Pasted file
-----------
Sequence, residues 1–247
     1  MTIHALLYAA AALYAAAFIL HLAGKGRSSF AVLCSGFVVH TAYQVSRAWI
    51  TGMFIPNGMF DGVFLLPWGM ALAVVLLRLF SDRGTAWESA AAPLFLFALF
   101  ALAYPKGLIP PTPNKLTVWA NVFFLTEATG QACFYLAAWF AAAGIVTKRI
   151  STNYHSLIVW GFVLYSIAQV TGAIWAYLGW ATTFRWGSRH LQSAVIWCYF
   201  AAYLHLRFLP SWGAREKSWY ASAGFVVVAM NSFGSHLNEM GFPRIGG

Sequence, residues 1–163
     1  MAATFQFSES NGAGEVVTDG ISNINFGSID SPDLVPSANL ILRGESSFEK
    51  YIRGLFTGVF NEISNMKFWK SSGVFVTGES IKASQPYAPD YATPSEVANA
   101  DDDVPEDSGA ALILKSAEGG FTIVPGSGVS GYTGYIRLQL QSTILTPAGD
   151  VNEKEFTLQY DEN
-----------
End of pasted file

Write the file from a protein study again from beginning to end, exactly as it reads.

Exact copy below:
Sequence, residues 1–247
     1  MTIHALLYAA AALYAAAFIL HLAGKGRSSF AVLCSGFVVH TAYQVSRAWI
    51  TGMFIPNGMF DGVFLLPWGM ALAVVLLRLF SDRGTAWESA AAPLFLFALF
   101  ALAYPKGLIP PTPNKLTVWA NVFFLTEATG QACFYLAAWF AAAGIVTKRI
   151  STNYHSLIVW GFVLYSIAQV TGAIWAYLGW ATTFRWGSRH LQSAVIWCYF
   201  AAYLHLRFLP SWGAREKSWY ASAGFVVVAM NSFGSHLNEM GFPRIGG

Sequence, residues 1–163
     1  MAATFQFSES NGAGEVVTDG ISNINFGSID SPDLVPSANL ILRGESSFEK
    51  YIRGLFTGVF NEISNMKFWK SSGVFVTGES IKASQPYAPD YATPSEVANA
   101  DDDVPEDSGA ALILKSAEGG FTIVPGSGVS GYTGYIRLQL QSTILTPAGD
   151  VNEKEFTLQY DEN